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Shaking up normality

When is the last time you had a milkshake?

"Wish there was a fish and chip shop nearby, so I could get a milkshake...", seemed to be a very normal statement – in my opinion.

But I cannot assume that my normal is someone else's normal.

My foretold statement was entirely bizarre in the eyes of my Swiss friend. To him, fish and chips is an English pub meal, and the last thing he would pair with a milkshake. These two ideas just didn't align for him. (You should have seen his bewilderment grow as I then said I'd consume these items at the beach!).

We so often take "our normal" for, well … normal. All the while forgetting that for those with a different context to our own, their brain does not make the same associations between ideas. I want a fish and chip shop milkshake in a Longest Drink in Town cup, and he just can't put fish and chips and milkshakes in the same category.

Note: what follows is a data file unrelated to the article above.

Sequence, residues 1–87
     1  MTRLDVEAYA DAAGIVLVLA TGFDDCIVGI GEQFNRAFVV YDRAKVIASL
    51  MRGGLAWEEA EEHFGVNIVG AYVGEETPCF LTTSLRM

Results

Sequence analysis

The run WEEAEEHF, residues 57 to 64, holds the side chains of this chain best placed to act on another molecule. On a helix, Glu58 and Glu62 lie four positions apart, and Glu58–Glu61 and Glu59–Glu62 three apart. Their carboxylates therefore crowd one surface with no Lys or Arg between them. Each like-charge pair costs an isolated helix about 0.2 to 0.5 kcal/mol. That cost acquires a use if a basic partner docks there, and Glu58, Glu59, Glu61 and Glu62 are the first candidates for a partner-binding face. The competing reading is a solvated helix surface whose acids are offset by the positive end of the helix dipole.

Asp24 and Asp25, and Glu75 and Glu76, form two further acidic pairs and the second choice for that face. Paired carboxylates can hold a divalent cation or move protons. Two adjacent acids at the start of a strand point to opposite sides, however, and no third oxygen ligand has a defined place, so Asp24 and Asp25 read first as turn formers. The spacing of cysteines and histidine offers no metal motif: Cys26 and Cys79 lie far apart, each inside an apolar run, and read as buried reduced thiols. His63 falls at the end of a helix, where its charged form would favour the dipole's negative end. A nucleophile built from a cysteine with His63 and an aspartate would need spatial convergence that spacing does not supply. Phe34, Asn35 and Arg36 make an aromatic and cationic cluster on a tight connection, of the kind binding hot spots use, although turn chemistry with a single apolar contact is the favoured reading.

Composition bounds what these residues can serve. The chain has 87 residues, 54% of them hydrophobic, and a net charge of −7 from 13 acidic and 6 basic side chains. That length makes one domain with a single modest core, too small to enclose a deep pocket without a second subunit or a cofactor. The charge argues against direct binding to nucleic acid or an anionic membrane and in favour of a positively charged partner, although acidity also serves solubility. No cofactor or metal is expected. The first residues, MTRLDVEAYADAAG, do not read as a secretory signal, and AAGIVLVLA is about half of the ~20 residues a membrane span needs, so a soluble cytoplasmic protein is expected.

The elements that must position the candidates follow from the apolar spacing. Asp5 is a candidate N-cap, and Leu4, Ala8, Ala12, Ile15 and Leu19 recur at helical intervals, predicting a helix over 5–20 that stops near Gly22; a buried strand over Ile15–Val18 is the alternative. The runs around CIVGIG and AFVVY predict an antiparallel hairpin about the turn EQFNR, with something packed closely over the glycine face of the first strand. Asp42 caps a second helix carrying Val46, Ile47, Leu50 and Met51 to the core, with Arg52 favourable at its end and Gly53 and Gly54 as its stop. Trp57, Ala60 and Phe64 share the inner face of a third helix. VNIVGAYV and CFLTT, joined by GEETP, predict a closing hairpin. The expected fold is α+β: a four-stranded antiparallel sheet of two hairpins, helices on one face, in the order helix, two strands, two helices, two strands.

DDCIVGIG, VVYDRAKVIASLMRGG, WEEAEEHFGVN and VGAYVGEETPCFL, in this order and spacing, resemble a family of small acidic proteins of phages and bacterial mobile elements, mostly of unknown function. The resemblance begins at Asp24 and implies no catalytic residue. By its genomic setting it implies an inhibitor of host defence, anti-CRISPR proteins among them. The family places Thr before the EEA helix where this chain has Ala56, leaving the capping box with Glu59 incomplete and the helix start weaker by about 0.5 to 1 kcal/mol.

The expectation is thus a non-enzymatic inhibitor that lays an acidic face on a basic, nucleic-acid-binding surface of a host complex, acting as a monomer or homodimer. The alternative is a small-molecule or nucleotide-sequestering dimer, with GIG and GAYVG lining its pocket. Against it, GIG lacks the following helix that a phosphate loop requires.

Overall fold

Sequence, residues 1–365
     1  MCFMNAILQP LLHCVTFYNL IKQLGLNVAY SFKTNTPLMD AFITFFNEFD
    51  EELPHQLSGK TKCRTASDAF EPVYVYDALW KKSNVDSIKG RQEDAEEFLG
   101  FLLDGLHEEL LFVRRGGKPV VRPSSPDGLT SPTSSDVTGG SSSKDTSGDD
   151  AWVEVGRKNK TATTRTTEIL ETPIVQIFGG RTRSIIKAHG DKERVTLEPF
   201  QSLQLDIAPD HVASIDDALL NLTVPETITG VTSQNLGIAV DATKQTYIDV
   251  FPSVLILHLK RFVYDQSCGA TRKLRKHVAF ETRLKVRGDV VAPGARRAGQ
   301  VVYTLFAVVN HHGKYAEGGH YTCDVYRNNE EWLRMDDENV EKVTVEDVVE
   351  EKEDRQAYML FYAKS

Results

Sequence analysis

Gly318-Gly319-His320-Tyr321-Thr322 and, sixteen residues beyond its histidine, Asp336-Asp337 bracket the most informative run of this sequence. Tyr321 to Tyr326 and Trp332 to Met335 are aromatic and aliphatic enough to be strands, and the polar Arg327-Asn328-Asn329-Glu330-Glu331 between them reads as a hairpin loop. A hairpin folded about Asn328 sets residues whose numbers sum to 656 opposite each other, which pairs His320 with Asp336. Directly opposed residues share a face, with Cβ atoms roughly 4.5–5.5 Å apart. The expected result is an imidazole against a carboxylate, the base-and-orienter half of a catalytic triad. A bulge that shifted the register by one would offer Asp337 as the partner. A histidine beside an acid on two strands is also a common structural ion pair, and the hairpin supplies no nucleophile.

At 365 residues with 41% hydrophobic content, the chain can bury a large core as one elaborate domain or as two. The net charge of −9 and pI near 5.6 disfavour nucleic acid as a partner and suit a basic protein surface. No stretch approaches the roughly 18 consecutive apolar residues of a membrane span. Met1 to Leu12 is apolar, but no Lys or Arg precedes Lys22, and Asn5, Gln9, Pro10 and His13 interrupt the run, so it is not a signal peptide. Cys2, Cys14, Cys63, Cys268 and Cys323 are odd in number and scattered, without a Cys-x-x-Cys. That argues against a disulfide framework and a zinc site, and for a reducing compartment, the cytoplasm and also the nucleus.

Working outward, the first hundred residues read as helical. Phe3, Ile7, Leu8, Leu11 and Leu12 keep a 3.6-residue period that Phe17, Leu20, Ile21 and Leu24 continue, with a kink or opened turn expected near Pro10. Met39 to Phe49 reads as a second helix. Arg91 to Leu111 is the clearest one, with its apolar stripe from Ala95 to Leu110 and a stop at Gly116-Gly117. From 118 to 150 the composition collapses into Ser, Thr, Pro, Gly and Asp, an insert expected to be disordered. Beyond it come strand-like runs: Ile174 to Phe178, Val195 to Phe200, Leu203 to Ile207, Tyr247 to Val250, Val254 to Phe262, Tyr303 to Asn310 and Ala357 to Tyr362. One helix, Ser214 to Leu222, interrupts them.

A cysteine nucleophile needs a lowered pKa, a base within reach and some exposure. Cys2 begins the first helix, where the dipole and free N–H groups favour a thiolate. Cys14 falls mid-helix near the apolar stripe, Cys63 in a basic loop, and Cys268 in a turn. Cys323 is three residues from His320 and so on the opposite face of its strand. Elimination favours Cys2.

Sometimes explanations are necessary, even when you don't think they are.

As businesses, we have our own internal terminologies that are "our normal". We have products and ideas that we know inside out. To us, the definitions are clear and our products are easy to understand. But our customers aren't sitting at our desks every day, poring over each minute detail.

Projecting “our normal” is exactly what might trip us up when communicating with prospects or customers.

We must always remember to consider communication, by their terms:

When establishing a working relationship with customers, it will pay to check that your goals align. Otherwise the relationship may ultimately fall through. Discuss what “success” means to them, and what “normal” communication looks like to you both.

When preparing marketing and communication with customers (including website and social media content), assess whether you are using industry and workplace jargon, or whether you need to do a rewrite in layman's terms.

Remember, normality is entirely objective You definitely never want your customers to feel alienated, or have both parties creating expectations that the other isn't aware of.

It pays to never assume, and it’s always advisable to stand back for a bit of perspective.

(I'd never admit to my friend that I've since realised fish and chips with a milkshake is a strange – but delicious - combination. I will at least thank him for the perspective.)




 

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